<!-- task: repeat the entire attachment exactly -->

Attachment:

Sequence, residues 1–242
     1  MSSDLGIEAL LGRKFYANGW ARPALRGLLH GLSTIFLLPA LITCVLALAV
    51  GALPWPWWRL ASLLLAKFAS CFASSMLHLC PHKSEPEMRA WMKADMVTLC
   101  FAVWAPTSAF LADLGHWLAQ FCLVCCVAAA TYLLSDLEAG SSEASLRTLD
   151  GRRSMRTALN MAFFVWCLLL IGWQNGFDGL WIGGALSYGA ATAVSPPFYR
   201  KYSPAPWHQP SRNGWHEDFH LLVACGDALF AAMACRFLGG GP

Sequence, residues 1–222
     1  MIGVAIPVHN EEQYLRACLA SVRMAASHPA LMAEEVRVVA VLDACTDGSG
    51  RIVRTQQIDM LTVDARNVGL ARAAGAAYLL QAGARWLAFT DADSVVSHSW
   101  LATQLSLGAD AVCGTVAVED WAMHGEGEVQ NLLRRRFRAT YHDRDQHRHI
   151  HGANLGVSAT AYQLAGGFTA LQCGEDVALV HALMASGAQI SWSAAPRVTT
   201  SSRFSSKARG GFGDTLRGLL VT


Sequence, residues 1–242
     1  MSSDLGIEAL LGRKFYANGW ARPALRGLLH GLSTIFLLPA LITCVLALAV
    51  GALPWPWWRL ASLLLAKFAS CFASSMLHLC PHKSEPEMRA WMKADMVTLC
   101  FAVWAPTSAF LADLGHWLAQ FCLVCCVAAA TYLLSDLEAG SSEASLRTLD
   151  GRRSMRTALN MAFFVWCLLL IGWQNGFDGL WIGGALSYGA ATAVSPPFYR
   201  KYSPAPWHQP SRNGWHEDFH LLVACGDALF AAMACRFLGG GP

Sequence, residues 1–222
     1  MIGVAIPVHN EEQYLRACLA SVRMAASHPA LMAEEVRVVA VLDACTDGSG
    51  RIVRTQQIDM LTVDARNVGL ARAAGAAYLL QAGARWLAFT DADSVVSHSW
   101  LATQLSLGAD AVCGTVAVED WAMHGEGEVQ NLLRRRFRAT YHDRDQHRHI
   151  HGANLGVSAT AYQLAGGFTA LQCGEDVALV HALMASGAQI SWSAAPRVTT
   201  SSRFSSKARG GFGDTLRGLL VT